The church has not adopted the doctrine of Scriptural inspiration and its consequent infallibility on sentimental or a priori grounds, but simply because it is taught in Scripture. If it now appears that certain facts of Scripture seem to be inconsistent with its inerrancy, it is incumbent upon us to scrutinize the evidence for such alleged inconsistency. 6 However, if we cannot harmonize all the seeming discrepancies without straining, let us accept with humility that our “individual fertility in exegetical expedients, our individual insight into exegetical truth, our individual capacity of understanding are not the measure of truth” (p. 209).

A difficulty does not constitute a proved error. “No single error has as yet been demonstrated to occur in the Scriptures as given by God to his Church. And every critical student knows, as already pointed out, that the progress of investigation has been a continuous process of removing difficulties, until scarcely a shred of the old list of ‘Biblical Errors’ remains to hide the nakedness of this moribund contention” (p. 225).

So far this has been an objective presentation of the classic position of the Reformed faith as held at Princeton before its re-organization and its shameful surrender to the Barthians. The problem facing the churches in the present debate ought now to be fairly clear. It is simply whether we can still trust the Bible as our guide in doctrine, as a teacher of truth. If the nineteen centuries of critical activity against the infallible Word were not able to prove any errors in Scripture. it is not likely that now, suddenly, at long last, this painstaking labor of unbelieving scholars has been crowned with success. Let us beware of making sad the heart of the righteous whom the Lord hath not made sad! Let us beware of making reason the final arbiter of truth, instead of trusting him who said “the Scriptures cannot be broken”!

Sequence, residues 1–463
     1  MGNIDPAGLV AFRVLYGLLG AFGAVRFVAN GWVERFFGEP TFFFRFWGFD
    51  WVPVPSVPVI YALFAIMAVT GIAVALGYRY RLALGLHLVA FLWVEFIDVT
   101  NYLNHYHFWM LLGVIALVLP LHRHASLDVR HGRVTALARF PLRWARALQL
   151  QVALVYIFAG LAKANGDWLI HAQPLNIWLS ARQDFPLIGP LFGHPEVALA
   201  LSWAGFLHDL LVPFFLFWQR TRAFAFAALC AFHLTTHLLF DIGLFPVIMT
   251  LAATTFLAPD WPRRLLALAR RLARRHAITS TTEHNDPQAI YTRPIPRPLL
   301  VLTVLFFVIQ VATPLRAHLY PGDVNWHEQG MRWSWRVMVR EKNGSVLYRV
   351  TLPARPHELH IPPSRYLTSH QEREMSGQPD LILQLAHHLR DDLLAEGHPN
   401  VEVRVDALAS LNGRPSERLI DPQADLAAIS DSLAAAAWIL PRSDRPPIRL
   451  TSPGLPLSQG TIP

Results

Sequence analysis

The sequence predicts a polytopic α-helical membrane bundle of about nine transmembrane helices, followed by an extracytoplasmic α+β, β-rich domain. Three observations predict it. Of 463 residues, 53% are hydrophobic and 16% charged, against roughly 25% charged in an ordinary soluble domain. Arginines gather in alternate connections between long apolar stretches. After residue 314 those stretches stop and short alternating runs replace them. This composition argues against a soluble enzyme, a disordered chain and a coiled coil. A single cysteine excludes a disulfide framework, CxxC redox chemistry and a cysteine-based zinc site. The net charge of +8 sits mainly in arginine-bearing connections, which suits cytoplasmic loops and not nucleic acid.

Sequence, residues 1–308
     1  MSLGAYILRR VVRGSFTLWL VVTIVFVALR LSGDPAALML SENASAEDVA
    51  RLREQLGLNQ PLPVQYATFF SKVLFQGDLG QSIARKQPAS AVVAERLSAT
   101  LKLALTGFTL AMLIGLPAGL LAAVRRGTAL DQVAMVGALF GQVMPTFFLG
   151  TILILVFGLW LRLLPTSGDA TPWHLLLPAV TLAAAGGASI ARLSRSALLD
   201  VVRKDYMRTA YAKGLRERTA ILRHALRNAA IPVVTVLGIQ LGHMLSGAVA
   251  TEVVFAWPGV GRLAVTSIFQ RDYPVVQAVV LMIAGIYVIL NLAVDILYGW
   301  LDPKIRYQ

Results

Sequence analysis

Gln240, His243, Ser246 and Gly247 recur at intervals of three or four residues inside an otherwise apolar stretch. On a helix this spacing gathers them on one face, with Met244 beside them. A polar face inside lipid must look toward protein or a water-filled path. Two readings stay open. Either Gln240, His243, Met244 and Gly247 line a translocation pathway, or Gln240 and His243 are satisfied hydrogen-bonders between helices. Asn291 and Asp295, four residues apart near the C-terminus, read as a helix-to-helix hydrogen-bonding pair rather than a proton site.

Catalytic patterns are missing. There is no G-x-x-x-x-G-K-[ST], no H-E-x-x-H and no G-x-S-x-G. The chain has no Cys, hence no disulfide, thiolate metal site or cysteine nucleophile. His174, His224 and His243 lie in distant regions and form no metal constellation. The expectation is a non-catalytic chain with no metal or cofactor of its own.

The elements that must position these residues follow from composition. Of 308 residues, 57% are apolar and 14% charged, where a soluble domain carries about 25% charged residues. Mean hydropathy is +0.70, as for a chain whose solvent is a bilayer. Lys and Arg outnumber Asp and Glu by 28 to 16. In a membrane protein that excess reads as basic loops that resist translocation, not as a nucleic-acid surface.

1. For a further discussion on the apostolic claim that their words and writings were inspired, see Appendix in the The Inspiration and Authority of Scripture, pp. 425ff.

2. Cf. Tho Principles of Christianity p. 67.

3. Cf. Marvin R. Vincent, who “tells us ‘Scripture does not define the nature and extent of its own inspiration’” (p. 202).

4. At this point Warfield quotes Dr. Purvis, St. Paul and Inspiration, p. 21.

5. Cf. H.J. Kuiper, Torch and Trumpet, VIII, 9, p. 10, where he quotes a pertinent passage from the inimitable words of Prof. John Murray in The Infallible Word.

6. Next month, D.V., the Rev. Joseph Hill will deal with the alleged discrepancies in the Bible.